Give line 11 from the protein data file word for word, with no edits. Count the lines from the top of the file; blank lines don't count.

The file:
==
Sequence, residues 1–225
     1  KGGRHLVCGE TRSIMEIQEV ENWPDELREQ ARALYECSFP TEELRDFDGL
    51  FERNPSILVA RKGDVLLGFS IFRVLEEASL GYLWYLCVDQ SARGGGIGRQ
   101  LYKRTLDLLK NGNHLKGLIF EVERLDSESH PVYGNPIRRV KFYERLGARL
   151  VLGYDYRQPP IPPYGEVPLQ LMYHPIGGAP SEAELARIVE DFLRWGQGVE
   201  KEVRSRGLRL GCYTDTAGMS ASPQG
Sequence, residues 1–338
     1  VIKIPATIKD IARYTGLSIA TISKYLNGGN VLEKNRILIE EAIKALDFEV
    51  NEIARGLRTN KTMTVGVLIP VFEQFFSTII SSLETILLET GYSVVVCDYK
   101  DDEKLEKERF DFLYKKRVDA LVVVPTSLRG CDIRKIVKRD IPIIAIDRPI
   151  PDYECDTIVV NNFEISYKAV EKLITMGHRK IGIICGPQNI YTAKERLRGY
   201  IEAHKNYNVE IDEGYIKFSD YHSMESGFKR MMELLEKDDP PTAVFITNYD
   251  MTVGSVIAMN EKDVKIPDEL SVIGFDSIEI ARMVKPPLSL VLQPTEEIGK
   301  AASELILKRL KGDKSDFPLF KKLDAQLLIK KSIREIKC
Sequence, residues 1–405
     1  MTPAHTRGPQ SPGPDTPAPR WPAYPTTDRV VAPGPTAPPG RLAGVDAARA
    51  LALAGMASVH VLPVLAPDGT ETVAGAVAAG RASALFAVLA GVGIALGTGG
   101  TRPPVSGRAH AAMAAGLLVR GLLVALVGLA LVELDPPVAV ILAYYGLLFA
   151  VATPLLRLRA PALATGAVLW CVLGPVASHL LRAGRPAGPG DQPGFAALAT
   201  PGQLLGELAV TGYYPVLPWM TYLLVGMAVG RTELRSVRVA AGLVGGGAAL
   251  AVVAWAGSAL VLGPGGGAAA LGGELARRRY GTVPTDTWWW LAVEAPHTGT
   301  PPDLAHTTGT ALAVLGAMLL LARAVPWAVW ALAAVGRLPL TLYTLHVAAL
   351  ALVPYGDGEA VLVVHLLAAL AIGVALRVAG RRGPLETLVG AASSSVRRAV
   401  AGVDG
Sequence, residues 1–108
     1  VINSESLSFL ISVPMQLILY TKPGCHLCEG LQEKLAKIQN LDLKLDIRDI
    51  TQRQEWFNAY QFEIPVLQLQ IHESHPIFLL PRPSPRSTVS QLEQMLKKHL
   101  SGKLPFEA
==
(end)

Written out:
   151  PDYECDTIVV NNFEISYKAV EKLITMGHRK IGIICGPQNI YTAKERLRGY